On 3 September 1939, the Polish destroyer Wicher and large minelayer Gryf, supported by Polish coastal-battery fire, were engaged by two German destroyers, Z1 Leberecht Maass and Z9 Wolfgang Zenker.[2][5][7] This was the only surface naval engagement of the entire campaign and was relatively inconsequential. The German destroyer Z1 Leberecht Maass sustained light damage and four fatalities.[2][8][9] The Polish Gryf also sustained light damage, with seven fatalities.[10] The German ships retreated, and later that day the Luftwaffe sank the Polish Gryf and Wicher, as well as the Polish light minelayer Mewa; the Polish gunboat General Haller sustained heavy damage, was abandoned, and sank on 6 September.[2][11] The Polish gunboat Komendant Piłsudski, though largely undamaged, was also abandoned.[11] This effectively eliminated the already heavily outnumbered surface Polish Navy as a fighting force on the Baltic Sea, with only three light minelayers remaining operational in the theater.[5]c The surviving crews of the sunken Polish vessels joined the garrison's defenders, and two 120 mm guns from Gryf were salvaged for shore-battery use.[2][12]:39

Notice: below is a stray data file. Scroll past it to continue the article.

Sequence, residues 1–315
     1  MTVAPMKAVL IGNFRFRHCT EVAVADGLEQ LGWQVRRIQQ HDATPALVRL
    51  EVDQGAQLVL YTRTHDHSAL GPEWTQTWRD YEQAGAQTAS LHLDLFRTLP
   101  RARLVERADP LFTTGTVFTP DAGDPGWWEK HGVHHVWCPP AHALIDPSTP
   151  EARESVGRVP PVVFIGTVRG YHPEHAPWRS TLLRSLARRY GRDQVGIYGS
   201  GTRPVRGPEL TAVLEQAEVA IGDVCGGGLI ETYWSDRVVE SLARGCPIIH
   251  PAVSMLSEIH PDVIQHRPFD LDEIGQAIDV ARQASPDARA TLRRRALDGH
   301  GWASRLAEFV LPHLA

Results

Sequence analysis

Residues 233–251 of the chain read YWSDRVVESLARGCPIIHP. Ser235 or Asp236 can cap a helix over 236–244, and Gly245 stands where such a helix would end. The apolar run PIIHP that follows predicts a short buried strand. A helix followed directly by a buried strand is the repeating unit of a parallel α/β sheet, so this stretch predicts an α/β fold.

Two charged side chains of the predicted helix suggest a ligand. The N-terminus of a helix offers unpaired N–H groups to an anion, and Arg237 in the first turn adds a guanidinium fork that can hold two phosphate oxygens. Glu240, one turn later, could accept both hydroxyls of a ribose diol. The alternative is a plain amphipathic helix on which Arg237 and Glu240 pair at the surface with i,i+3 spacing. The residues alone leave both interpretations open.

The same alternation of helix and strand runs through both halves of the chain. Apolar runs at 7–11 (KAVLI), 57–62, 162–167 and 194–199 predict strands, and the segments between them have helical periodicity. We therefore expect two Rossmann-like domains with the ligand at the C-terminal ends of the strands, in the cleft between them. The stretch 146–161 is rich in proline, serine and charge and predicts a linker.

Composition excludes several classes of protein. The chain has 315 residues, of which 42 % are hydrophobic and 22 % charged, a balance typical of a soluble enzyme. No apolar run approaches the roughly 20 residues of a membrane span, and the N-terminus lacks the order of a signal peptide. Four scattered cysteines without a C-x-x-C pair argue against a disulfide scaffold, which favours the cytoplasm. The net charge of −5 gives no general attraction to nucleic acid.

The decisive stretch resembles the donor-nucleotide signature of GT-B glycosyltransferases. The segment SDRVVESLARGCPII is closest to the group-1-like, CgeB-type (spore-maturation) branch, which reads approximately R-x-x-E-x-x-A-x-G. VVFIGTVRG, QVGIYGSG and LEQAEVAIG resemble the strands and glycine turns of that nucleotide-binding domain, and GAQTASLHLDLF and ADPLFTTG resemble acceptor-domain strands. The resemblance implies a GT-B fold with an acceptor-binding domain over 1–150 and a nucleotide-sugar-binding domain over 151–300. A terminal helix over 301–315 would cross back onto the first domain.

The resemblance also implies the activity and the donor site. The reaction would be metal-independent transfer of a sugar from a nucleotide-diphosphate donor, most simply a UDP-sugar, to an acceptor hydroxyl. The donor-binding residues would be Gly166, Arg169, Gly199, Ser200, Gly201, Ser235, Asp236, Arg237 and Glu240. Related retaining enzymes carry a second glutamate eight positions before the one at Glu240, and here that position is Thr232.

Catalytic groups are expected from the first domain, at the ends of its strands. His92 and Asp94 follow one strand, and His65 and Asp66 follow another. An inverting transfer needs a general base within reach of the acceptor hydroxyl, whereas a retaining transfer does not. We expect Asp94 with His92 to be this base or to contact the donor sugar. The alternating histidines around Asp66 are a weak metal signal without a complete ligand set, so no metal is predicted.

In the first week of September, the German Army forced Polish Armia Pomorze units to retreat from the Danzig Corridor and, having captured the nearby town of Puck, on 9 September began assaulting the Polish forces on the Hel Peninsula.[2] The advancing German forces included the 42nd Border Guard Regiment and the 5th Cavalry Regiment.[2] Polish forces started a slow retreat toward the port of Hel on the Peninsula. On 10 September the Germans captured the village of Swarzewo, and on 11 September the town of Władysławowo on the peninsula's very border.[2] The Polish defenders fortified the next village, Chałupy, situated on the peninsula itself. The Germans, having cut off and contained the Polish units on the isolated peninsula, did not launch any major land operations until month's end.[2]

On the night of 12/13 September 1939, the remaining Polish light minelayers laid a minefield near Hel. The following day, the Luftwaffe sank the Polish light minelayers Jaskółka and Czapla at the port of Jastarnia, while the remaining minelayers Czajka, Rybitwa and Żuraw were damaged. In view of German superiority on the Baltic Sea, the remaining Polish naval units docked at the Hel port and their crews joined the ground forces.[6][13] The ships' armaments were stripped and converted into additional land gun emplacements.[6]